"Whatdunit?" Developmental changes in children's syntactically based sentence interpretation abilities and sensitivity to word order

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Applied Psycholinguistics, ISSN: 1469-1817, Vol: 37, Issue: 6, Page: 1281-1309

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https://digitalcommons.usu.edu/comd_facpub/495; https://digitalcommons.usu.edu/sped_facpub/863
Montgomery, James W.; Evans, Julia L.; Gillam, Ronald B.; Sergeev, Alexander V.; Finney, Mianisha C.
Cambridge University Press (CUP); Cambridge University Press; Hosted by Utah State University Libraries
Psychology; Arts and Humanities; Social Sciences; children; development; sentence interpretation; word order; semantic implausibility; Communication Sciences and Disorders; Speech Pathology and Audiology; Education
article description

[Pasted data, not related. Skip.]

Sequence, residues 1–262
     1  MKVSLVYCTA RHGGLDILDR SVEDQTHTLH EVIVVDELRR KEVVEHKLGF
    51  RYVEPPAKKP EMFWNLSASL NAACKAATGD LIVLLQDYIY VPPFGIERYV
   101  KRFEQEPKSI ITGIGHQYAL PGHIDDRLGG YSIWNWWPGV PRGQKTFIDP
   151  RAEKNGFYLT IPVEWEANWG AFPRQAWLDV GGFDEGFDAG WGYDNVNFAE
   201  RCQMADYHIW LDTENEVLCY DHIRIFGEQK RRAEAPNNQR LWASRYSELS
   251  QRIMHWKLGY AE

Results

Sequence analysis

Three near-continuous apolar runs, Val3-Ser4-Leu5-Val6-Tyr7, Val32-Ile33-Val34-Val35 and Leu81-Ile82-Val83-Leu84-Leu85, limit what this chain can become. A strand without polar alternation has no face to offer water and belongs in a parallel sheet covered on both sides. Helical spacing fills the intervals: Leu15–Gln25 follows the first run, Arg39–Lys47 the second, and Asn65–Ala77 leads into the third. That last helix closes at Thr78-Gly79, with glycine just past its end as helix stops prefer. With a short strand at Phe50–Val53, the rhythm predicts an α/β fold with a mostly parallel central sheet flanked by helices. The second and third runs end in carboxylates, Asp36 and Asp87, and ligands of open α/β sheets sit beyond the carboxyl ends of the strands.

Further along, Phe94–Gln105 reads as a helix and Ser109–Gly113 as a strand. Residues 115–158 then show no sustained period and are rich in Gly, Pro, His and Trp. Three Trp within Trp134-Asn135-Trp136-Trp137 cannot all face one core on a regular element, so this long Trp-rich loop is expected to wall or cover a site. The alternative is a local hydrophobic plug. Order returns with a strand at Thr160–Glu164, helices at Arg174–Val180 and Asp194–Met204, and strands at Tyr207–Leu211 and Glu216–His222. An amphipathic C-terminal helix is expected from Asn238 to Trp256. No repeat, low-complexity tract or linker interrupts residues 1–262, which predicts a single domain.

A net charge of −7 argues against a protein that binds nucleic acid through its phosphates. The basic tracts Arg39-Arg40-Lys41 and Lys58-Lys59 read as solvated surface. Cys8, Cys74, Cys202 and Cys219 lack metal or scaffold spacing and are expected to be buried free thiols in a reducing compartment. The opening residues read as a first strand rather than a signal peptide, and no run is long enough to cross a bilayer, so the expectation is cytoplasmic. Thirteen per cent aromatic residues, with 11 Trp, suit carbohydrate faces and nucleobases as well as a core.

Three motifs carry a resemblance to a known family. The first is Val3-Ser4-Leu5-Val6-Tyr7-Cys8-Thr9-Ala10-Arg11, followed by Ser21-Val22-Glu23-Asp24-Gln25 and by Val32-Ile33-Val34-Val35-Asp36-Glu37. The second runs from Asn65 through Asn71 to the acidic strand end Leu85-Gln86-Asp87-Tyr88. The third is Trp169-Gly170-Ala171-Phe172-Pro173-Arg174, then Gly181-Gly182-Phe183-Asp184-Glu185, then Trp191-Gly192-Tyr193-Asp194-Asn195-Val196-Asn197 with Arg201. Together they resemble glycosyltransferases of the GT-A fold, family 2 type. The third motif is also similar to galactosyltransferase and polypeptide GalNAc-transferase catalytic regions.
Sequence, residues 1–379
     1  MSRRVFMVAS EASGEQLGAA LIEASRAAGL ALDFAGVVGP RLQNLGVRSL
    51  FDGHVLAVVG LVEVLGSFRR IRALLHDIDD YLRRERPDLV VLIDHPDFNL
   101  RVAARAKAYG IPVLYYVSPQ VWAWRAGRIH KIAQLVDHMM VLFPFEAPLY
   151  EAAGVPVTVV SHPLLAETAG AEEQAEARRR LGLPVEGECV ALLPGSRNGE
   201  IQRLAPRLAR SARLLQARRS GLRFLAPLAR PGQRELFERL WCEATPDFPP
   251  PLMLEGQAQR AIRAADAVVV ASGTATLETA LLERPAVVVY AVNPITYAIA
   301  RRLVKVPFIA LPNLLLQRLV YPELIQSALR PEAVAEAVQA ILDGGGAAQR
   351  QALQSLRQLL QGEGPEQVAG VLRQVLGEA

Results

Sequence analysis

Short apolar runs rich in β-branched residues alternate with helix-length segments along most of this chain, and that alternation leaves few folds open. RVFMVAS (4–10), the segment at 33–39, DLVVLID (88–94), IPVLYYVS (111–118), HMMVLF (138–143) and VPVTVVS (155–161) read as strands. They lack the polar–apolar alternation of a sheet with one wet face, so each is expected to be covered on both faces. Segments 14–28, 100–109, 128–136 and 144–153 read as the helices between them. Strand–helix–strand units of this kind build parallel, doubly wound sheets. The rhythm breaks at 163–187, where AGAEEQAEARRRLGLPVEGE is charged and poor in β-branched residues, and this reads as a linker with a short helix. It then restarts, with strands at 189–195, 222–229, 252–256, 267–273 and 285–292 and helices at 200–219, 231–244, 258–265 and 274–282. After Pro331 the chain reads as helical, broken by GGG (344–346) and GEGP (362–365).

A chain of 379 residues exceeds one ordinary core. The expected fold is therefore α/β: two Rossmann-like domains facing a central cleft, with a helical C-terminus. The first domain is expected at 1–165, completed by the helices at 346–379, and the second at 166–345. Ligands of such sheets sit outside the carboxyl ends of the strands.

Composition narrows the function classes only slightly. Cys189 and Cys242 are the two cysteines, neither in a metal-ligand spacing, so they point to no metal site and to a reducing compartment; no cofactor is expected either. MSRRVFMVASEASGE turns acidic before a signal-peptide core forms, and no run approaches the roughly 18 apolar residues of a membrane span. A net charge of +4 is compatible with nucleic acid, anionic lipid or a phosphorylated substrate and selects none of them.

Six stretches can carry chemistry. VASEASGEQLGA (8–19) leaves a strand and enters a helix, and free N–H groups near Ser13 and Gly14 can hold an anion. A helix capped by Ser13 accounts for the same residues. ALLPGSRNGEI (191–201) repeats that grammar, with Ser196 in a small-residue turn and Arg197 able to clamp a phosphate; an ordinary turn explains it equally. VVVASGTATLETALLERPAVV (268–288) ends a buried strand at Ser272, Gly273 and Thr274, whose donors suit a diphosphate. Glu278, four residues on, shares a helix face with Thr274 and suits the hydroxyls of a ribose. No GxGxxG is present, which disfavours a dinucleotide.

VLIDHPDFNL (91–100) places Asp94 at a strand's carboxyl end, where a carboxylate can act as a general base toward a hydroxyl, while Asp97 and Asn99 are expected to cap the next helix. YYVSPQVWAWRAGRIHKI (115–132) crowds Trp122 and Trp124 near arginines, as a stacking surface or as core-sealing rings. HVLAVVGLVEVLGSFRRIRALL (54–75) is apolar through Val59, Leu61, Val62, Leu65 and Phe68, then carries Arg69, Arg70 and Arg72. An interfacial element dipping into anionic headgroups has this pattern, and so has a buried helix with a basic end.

Aim 1 of this study was to examine the developmental changes in typically developing English-speaking children's syntactically based sentence interpretation abilities and sensitivity to word order. Aim 2 was to determine the psychometric standing of the novel sentence interpretation task developed for this study, because we wish to use it later with children with specific language impairment. Children listened to semantically implausible sentences in which noun animacy and the natural affordance between the nouns were removed, thus controlling for event probability. Using this novel "whatdunit?" agent selection task, 256 children 7-11 years old listened to two structures with canonical word order and two with noncanonical word order. After each sentence, children selected as quickly as possible the picture of the noun they believed was "doing the action." Children interpreted sentences with canonical word order with greater accuracy and speed than those with noncanonical word order. Older children (mean age = 10 years, 8 months) were more accurate and faster than younger children (mean age = 8 years, 1 month) across all sentence forms. Both older and younger children demonstrated similar error patterns across sentence type. The "whatdunit?" task also proved to have strong validity and reliability, making it suitable for studies with children with specific language impairment.